When: THU, FEB 23, 2017 / 6:30-8:00PM
Where: Skylight Studios
10050 Constellation Boulevard
Los Angeles, CA 90067

Speaking: Dana Cuff, head of cityLAB and the Urban Humanities Initiative at UCLA: “Dr. Dana Cuff, UCLA A.UD Professor and Founding Director of cityLABleads unconventional architectural practices deploying new logics of discipline, economy, and social purpose.”
When: MON, FEB 27, 2017 / 6:30-8:00PM
Where: Perloff Hall is located on the UCLA Campus.


Boom: A Journal of California, Seeing California Reading: “The Last Bookstore hosts a lineup of contributors reading from the last issue of the beloved publication, with California poet laureate Dana Gioia and Boom editor Jason Sexton among those scheduled to appear. Plus, as thanks to the community for its support, copies of Boom’s final print issue are free with the purchase of any book by one of its contributors.”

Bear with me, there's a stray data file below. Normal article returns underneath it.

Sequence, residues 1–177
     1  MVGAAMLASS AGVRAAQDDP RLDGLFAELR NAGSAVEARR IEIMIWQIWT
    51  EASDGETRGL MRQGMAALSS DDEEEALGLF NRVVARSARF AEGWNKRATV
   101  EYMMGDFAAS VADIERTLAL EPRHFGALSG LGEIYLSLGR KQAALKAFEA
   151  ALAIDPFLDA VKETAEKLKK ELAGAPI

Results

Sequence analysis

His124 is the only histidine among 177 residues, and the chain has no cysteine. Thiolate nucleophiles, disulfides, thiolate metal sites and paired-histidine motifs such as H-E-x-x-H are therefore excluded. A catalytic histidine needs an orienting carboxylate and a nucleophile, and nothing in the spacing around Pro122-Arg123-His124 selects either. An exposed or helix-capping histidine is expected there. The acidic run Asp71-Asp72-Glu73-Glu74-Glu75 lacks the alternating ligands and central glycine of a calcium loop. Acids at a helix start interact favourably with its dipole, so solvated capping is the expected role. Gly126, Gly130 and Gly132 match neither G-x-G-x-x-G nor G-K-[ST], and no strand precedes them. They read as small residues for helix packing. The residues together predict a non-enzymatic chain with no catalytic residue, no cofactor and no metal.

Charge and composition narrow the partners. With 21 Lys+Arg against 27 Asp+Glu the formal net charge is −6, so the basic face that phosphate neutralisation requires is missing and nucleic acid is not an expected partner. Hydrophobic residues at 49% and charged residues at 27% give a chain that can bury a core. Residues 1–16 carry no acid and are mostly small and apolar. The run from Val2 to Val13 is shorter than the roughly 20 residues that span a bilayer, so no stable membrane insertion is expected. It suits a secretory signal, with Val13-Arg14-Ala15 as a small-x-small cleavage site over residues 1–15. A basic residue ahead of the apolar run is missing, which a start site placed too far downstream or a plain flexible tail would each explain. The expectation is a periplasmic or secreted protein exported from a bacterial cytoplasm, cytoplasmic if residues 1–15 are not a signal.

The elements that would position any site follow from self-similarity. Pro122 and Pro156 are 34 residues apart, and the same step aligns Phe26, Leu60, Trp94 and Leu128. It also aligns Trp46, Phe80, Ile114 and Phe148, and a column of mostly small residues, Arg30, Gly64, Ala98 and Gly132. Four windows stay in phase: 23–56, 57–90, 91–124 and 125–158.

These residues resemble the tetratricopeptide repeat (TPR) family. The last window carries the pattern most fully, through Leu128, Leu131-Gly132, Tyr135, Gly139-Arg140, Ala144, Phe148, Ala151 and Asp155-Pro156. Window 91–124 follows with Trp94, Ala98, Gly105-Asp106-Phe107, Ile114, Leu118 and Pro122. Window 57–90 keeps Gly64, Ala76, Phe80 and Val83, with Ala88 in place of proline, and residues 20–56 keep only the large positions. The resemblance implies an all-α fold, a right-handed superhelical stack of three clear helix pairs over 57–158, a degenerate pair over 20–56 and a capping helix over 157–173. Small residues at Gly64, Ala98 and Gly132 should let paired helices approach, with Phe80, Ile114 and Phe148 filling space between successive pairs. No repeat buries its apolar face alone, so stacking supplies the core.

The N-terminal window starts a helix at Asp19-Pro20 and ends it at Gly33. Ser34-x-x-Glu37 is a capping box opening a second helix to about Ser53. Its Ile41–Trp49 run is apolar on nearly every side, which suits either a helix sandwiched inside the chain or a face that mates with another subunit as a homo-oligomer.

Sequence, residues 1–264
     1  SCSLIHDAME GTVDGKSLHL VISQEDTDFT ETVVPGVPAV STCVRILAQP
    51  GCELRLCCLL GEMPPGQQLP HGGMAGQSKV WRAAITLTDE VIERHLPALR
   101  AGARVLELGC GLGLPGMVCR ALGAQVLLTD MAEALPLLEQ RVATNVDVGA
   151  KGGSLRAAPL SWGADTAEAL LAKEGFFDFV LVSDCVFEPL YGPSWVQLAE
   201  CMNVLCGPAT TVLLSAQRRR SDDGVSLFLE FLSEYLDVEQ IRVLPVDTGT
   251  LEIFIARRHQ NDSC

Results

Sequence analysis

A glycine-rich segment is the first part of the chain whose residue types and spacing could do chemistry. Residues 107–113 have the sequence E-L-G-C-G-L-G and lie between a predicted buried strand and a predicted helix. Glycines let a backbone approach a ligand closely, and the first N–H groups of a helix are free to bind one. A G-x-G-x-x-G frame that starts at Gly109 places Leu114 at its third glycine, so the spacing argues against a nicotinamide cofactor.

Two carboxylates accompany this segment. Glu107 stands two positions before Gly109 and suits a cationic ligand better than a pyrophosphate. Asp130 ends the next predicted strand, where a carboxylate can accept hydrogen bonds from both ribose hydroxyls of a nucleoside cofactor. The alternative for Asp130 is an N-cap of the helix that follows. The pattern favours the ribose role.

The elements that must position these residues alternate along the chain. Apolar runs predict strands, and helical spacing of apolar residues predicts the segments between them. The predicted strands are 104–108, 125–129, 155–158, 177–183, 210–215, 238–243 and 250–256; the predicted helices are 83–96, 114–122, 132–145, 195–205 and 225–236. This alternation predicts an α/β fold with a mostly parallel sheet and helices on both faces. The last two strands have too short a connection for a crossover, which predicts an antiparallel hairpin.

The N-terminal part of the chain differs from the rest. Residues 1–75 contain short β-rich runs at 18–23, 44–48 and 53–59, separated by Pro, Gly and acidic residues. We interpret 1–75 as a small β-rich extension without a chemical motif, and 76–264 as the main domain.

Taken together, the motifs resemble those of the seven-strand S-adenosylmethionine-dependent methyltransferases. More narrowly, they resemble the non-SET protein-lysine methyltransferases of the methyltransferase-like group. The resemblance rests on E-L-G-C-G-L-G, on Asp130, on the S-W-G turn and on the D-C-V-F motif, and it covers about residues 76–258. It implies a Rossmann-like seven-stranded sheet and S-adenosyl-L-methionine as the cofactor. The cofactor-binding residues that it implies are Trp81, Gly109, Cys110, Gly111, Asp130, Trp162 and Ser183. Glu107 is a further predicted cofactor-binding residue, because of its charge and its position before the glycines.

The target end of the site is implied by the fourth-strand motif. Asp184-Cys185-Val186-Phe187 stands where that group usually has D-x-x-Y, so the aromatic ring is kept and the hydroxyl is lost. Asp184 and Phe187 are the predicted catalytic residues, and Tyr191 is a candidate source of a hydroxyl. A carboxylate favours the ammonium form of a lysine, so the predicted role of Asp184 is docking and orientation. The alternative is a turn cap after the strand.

When: THU, FEB 21, 2017 / 7:30PM
Where: The Last Bookstore
453 S. Spring St.
Los Angeles, CA 90013
213-488-0599

Palm Springs Modernism Week: “Modernism Week’s signature February Event is an annual celebration of midcentury modern design, architecture, art, fashion and culture. This exciting festival takes place in February in the Palm Springs area of Southern California. Modernism Week features more than 250 events including the Modernism Show & Sale, Signature Home Tours, films, lectures, Premier Double Decker Architectural Bus Tours, nightly parties and live music, walking and bike tours, tours of Sunnylands, fashion, classic cars, modern garden tours, a vintage travel trailer exhibition, and more.”
When: Daily until February 26, 2017
Where: Various across Palm Springs